The 316 stainless steel pressure vessel involved had been moved into the Commonwealth of Kentucky approximately ten years prior to the accident. The vessel had originally been used as an atmospheric vessel in the manufacture of ammonium bisulfite, a raw material for caramel color, and later converted to be used as a pressurized unit.  The tanks were operated at atmospheric pressure and were equipped with pressure relief devices at the time.  

A few months ago I wrote about this new refrigerant as having the catastrophic risk of a BLEVE event. Now I wish to offer some guidance on how a business utilizing this refrigerant can reduce the likelihood of this type of event.  First, there is NO engineering standards that guide a manufacturer of an ASME pressure vessel in how to construct a pressure vessel so that it will not fail in a BLEVE event. So we can not assume that our vessel is so well designed or constructed that it will with withstand either a hot or cold BLEVE.  Our FIRST LINE of defense in managing BLEVE risk(s) is the placement of our pressure vessel(s). If our facility is in a state with an adopted fire/HAZMAT code(s) we will find some base line “facility siting” instructions in these state-adopted codes. But this new refrigerant has no specific code(s) to aid a business in how they should manage their “facility siting”. However, there are some codes and RAGAGEPs designed for other Category 1 Flammable Gases (which HFO-1234yf is) and it is these codes and RAGAGEPs I turn to when asked about tank location.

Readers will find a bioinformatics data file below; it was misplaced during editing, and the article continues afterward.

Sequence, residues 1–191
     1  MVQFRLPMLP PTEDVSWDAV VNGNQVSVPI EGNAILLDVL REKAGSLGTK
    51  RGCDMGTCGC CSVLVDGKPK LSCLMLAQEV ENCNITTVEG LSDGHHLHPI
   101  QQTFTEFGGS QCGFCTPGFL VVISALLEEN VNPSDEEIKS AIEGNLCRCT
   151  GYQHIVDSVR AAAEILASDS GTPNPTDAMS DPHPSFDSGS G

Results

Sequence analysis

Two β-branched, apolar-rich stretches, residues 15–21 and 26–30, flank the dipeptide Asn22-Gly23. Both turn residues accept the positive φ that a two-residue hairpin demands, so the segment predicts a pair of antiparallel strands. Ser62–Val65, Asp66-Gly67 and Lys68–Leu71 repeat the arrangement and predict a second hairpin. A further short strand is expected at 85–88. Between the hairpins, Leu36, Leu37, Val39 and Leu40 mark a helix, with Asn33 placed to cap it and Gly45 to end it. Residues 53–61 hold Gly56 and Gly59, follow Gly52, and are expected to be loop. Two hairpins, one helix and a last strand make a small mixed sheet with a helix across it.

On Jan. 19, 2016, the Hartford Area Office cited a chemical manufacturer for 15 serious violations of workplace safety standards. Inspectors found that a manufacturer of swimming pool chemicals and acetone preparations used in nail polish were exposed employees to chemical, fire and exit access hazards. The company’s manufacturing processes use large amounts of the flammable chemicals acetone and isopropyl alcohol 99 percent. OSHA standards require a workplace to have a program for safely managing processes involving large amounts of these chemicals. The plant lacked a process safety management program. Deficiencies included:

At the site of an inactive gas well, two workers were flowing the high-pressure gas from the well to determine production potential. They were inside an operator's shack when a pipe ruptured, and the escaping flammable gas exploded in a fireball. Although the two workers were wearing fire-retardant clothing, they suffered burns. The smaller piping downstream from a pressure relief valve (PRV) was one of the factors that caused the piping system to fail.

We continue to see the “check the box” engineering when it comes to “ventilation” requirements for processes that fall under PSM/RMP. I have written about the design basis and the many flaws we come across regarding the actual design, but this one is becoming more and more prevalent. I am thinking “space” is becoming less available so facilities are installing their FRESH AIR INTAKES in the darnedest places.  In this article I home to educate those interested in the most basic need for a FRESH AIR INTAKE and that is…. FRESH AIR.

 
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